Joe Webb's collages are ruled by contrasts, contrasts between the developed and developing worlds, the past and present, decadence and want. His seamless hand-cut works mock consumerism and the Western cults of youth, beauty, and luxury, most often using imagery from vintage magazines. Webb often targets 50s-style ad images of happy housewives in A-line dresses, but lately contemporary photos of fashion advertising, the art Jeff Koons, and even celebrities like Ariana Grande, are working their way into his work.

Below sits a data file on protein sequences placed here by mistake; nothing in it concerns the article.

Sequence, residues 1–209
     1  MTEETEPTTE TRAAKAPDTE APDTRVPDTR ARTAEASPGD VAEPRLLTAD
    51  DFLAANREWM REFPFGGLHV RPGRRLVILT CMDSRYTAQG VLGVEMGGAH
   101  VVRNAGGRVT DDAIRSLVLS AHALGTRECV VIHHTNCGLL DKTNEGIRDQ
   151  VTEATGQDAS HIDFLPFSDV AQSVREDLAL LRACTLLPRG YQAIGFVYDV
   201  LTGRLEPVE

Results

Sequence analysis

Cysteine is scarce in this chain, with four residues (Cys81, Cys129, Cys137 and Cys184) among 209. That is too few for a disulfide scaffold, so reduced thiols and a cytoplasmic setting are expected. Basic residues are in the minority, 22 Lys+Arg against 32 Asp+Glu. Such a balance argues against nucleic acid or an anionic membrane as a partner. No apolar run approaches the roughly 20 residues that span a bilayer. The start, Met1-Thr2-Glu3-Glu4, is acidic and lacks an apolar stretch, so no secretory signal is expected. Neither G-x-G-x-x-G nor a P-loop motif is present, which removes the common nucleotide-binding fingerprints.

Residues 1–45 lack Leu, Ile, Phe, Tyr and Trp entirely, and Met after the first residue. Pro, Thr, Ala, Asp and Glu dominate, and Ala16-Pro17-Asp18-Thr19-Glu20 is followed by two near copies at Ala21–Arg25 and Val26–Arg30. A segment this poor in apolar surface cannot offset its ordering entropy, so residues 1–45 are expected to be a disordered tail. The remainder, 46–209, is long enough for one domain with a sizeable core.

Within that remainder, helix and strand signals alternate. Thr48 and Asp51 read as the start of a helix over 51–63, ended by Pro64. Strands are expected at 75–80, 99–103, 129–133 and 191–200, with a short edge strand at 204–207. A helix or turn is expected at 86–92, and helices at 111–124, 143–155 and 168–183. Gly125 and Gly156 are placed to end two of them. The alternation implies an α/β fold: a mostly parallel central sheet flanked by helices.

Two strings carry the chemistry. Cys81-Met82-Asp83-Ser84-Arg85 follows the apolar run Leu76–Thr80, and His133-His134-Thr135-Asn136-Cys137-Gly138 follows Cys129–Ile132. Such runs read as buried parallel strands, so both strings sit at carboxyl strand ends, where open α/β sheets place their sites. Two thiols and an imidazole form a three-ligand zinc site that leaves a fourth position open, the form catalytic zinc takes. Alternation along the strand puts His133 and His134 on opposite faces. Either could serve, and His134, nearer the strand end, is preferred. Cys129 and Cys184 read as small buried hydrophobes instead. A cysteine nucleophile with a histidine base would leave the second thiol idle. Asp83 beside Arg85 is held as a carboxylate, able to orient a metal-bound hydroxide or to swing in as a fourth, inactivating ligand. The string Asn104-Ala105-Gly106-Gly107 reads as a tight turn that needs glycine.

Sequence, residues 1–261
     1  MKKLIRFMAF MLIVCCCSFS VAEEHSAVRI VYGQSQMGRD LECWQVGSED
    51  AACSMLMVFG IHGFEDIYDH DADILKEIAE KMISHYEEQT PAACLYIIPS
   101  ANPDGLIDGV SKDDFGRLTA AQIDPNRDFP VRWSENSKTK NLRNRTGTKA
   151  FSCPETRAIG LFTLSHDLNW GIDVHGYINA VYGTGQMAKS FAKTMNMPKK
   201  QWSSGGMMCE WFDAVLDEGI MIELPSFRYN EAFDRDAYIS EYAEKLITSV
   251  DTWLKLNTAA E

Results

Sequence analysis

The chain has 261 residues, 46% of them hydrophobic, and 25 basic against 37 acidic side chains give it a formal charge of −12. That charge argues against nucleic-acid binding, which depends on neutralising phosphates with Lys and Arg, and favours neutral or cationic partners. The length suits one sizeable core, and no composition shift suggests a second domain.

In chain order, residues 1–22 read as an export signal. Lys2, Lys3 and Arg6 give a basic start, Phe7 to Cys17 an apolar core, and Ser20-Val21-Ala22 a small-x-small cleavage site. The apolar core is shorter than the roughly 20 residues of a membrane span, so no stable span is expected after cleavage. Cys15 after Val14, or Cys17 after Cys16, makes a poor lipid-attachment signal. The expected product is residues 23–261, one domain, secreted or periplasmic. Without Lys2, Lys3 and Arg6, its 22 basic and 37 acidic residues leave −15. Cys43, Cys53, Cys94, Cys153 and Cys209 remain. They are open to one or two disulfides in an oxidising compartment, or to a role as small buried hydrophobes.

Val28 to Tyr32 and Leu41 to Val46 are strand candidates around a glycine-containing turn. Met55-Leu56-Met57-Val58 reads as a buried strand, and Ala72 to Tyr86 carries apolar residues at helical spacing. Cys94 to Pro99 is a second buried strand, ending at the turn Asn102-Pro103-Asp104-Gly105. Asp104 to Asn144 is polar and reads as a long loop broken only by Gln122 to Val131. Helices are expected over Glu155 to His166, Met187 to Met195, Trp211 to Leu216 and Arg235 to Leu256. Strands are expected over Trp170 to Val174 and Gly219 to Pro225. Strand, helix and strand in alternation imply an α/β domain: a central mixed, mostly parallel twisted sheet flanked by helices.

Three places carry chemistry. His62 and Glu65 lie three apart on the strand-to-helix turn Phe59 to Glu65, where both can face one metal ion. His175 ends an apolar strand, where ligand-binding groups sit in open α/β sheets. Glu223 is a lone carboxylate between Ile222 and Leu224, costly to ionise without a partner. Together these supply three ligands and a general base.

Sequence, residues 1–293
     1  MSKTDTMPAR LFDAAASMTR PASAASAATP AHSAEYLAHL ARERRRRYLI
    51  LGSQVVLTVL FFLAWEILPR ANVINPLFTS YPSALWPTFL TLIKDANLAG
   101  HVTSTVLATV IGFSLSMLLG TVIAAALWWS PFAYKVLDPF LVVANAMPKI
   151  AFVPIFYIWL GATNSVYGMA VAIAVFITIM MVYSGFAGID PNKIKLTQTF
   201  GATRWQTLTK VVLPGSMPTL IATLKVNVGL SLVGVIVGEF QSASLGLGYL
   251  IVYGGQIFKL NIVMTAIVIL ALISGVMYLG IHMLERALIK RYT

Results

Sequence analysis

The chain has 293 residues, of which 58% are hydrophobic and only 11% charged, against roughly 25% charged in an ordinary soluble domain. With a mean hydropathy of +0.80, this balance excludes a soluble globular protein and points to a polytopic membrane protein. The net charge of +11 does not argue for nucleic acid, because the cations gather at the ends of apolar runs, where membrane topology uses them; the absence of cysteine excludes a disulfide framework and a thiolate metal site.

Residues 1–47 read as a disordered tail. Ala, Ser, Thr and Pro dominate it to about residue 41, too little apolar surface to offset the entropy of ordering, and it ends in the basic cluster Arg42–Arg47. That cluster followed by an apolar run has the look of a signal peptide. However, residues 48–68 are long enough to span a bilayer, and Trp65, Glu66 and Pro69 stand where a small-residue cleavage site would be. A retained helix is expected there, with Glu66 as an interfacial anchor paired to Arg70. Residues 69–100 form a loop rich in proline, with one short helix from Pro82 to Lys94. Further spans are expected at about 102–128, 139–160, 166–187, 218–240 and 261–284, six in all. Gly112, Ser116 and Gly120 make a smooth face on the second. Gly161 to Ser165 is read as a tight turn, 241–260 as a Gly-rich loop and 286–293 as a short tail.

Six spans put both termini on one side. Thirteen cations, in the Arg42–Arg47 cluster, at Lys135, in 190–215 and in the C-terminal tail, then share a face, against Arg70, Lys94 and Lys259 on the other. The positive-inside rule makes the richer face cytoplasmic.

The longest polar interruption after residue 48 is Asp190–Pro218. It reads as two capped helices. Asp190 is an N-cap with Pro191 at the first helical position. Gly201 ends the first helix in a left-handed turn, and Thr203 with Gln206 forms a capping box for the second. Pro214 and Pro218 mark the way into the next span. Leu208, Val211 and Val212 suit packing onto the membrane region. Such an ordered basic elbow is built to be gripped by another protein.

"Both eras of adverting share the same approach, projecting an unattainable, perfect version of reality where everyone is thin, white, sexy and rich," Webb tells The Creators Project. These newer works feel more unsettling, as Webb isn't directing his criticism at people of yesteryear—he's focusing it squarely on us. But in dealing with pictures of the present, Webb must also contend with our era's litigiousness. "Using more modern images has brought up some problems for me with some advertisers on my case, they aren’t happy with me bastardising their imagery," he writes. "But we need to be allowed to parody and take the piss out of this stuff we are force fed on a daily basis otherwise we really don’t have freedom of speech anymore."